"In the first six overs you are looking to cramp them so you don't give them any width," Wood says. He would keep a third man and deep square leg and if a batsmen got on top, he would bring third man up and put an extra man back on the leg side and bowl an even tighter line into the batsman.
Hampshire's other influential Powerplay bowler was Will Smith, who signed as a first-class batsman in 2013 but whose offspin became integral to T20 plans. He bowled 109 overs across two seasons, 26 of which were the first over of an innings. The tactic was part of a global trend and few came as close to perfecting it as Smith - his economy rate in that first over was just 5.69. His strategy was uncomplicated and predictable but difficult to counter. Bowl flat, on a length "where they couldn't get underneath it and had to check their swing", while the line was "tight, cramping the batsman". He bowled fast, never varying the pace because he did not have the protection to bowl slower.
Hampshire's bowling strategy, by definition, took time to pay dividends. There were occasions when they won matches in their bowling Powerplay but generally they were pressure-building phases. It was more likely that they could lose the match in the Powerplay than win it, but that rarely happened.
Batsman-specific plans were largely formulated with the assistance of Hampshire's analyst, Joe Maiden, who used a software called Feedback Cricket to produce data sheets ahead of matches. The software is fairly basic by modern standards and without Hawk-Eye requires human input of line and length using fixed-camera footage. Counties share data with one another and it is better than nothing, but it also illustrates how far behind the big leagues county cricket is in terms of resources.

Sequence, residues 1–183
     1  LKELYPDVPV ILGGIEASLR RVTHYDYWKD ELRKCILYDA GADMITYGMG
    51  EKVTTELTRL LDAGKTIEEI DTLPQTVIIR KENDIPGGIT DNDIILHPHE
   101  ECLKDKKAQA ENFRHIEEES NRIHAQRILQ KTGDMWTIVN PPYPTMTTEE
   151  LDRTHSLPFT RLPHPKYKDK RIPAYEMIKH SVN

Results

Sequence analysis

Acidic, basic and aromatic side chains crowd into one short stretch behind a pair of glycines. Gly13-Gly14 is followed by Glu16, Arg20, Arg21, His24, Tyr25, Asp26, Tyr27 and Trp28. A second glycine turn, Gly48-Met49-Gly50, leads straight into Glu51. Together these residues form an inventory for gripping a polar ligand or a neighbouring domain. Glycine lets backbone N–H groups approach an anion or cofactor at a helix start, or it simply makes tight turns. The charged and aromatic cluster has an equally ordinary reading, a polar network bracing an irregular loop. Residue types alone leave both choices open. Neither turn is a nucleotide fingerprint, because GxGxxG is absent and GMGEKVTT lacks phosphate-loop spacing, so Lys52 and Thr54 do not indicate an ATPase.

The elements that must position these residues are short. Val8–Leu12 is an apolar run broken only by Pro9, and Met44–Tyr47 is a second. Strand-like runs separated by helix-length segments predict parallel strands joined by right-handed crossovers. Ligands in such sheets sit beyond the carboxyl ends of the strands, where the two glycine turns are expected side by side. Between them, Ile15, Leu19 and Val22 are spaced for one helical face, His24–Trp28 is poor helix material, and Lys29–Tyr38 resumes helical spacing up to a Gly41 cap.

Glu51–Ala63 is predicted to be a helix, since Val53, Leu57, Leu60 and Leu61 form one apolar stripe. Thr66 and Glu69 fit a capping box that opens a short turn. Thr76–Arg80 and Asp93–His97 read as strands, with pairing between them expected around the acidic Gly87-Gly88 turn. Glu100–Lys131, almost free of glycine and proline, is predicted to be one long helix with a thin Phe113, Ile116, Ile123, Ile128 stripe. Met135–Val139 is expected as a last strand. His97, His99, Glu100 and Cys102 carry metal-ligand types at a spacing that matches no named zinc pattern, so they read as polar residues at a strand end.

Spinners to winners
On spin-friendly home surfaces, with big boundaries, Hampshire deployed various spinners in the middle overs, the phase of the game that truly made them the great team they were.
"Do teams start winning because they keep picking the same players or do they pick the same players because they keep winning?"
Across six seasons spinners bowled 40% of Hampshire's overs at an average of 20.94 and economy of 6.97 runs (compared to 27.49 and 8.00 for seamers). The left-arm spin of Briggs - who played more matches than any Hampshire player in this period - was the core, partnered at different times by the legspin of Afridi and Tahir, and left-arm spin of Dawson and Smith. Between them the quintet took 207 wickets.